I also enjoyed the literary references and Robin Williams as the king of the Moon. My favorite reference was when Venus came out of the giant clam. It reminded me of Kilgore Trout's "Venus on the Half Shell." (Kurt Vonegut). That was a very nice touch.
In the late Eighteenth Century, a European town is under siege of the
Turkish army. Meanwhile, the theater company owned by Henry Salt (Bill
Paterson) entertains the dwellers with the production of "The
Adventures of Baron Munchausen". Out of the blue, an old man interrupts
the presentation claiming that he is Hieronymus Karl Frederick Baron
von Munchausen (John Neville) and he tells that he is the one to be
blamed by the Turkish attack.
The Baron Munchausen tells how he had won a bet against the Sultan (Petter Jeffrey) with the abilities of his servants Berthold (Eric Idle); Adolphus (Charles McKeown}; Albrecht (Winston Dennis); and Gustavus (Jack Purvis) and earned his treasure. Further, he offers to help the locals against the Turks and builds a balloon to seek out his missing servants.
During his journey, he finds the girl Sally (Sarah Polley) hidden in the balloon and they travel to the moon, where they meet the deranged King of the Moon Roger (Robin Williams) with his detachable head, and his wife, the Queen of the Moon Ariadne (Valentina Cortese) that has a crush on the Baron. They are arrested by the jealous Roger and find Berthold in the cage, but Ariadne releases them. When they escape from the moon, they meet Adolphus working to Vulcan (Oliver Reed) inside a volcano. The Baron Munchausen seduces the gorgeous Vulcan's wife Venus (Uma Thurman) and the jealous god throws them in a whirlpool. They are swallowed by a monster and they meet Albrecht and Gustavus in a ship inside the monster. They escape and return to the town to help the people against the invaders. But they are very old and their abilities are gone.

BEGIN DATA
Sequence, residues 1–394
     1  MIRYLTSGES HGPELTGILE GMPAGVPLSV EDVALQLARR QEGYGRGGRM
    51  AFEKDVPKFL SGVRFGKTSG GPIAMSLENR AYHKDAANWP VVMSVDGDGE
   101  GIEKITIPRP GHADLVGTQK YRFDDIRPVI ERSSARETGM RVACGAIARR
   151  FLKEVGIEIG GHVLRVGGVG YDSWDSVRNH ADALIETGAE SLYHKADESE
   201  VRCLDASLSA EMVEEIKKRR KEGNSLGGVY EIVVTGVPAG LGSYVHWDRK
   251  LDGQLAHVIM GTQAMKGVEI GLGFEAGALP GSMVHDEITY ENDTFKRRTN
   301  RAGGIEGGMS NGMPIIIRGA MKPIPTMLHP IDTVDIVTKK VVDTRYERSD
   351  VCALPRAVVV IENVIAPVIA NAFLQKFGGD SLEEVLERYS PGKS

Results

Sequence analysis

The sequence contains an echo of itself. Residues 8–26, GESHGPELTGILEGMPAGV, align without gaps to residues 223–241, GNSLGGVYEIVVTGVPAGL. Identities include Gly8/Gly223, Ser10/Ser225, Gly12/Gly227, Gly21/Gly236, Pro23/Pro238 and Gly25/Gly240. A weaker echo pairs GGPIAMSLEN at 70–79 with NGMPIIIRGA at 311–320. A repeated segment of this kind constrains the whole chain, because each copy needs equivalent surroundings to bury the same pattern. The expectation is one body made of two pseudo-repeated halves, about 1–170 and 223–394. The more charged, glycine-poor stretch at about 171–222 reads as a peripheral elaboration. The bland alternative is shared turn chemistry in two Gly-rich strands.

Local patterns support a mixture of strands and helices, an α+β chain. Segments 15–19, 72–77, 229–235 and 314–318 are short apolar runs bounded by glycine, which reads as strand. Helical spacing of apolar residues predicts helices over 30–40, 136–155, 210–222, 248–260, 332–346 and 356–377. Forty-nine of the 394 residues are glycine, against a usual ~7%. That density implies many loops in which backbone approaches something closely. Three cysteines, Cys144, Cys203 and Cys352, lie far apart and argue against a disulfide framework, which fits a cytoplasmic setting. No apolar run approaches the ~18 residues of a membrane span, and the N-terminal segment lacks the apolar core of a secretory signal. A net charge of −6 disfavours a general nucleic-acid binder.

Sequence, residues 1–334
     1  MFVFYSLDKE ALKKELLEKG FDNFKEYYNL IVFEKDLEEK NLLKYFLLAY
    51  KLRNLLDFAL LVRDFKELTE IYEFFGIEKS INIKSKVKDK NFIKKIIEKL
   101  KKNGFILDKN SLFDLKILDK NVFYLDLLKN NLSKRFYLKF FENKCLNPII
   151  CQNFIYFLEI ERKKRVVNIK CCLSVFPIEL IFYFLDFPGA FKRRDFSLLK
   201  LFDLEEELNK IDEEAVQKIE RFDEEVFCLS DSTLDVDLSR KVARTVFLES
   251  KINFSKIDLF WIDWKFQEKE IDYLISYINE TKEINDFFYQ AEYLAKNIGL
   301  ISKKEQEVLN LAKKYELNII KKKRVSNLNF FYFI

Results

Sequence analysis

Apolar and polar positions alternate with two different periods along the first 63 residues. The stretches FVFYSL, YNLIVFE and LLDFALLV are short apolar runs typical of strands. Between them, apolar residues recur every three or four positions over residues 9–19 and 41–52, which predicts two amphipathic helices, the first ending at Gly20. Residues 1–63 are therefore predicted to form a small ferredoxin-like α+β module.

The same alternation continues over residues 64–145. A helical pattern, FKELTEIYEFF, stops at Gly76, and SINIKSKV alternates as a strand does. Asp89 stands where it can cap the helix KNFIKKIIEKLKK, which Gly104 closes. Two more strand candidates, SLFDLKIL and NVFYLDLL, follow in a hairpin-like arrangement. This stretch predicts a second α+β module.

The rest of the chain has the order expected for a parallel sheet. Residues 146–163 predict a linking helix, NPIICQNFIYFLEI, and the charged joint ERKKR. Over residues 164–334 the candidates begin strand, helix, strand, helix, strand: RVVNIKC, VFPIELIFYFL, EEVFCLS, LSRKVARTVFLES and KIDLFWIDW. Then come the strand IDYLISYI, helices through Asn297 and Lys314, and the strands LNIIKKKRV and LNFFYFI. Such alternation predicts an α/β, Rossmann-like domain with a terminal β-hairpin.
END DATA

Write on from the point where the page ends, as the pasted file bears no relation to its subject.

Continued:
"The Adventures of Baron Munchausen" is one of the most delightful, non- sense and visually stunning fantasies of cinema history. "The Adventures of Baron Munchausen" is also among my favorite books of my childhood and I first saw this film in the late 80's and then on VHS. I have just bought the imported DVD that surprisingly has Portuguese subtitles and today I have seen this film again.
Terry Gilliam directs with his peculiar surrealistic and ironic style and uses magnificent special effects for a 1988 film. It is amazing to realize that twenty-three years have passed since this film was released. The sweet Sarah Polley shows her talent with a great performance in one lead role. Uma Thurman is in the top of her eternal beauty. Robin Williams is an unknown actor and uncredited in the role of Roger, The King of the Moon. My vote is nine.
Title (Brazil): "As Aventuras do Barão de Münchausen" ("The Adventures of Baron Munchausen")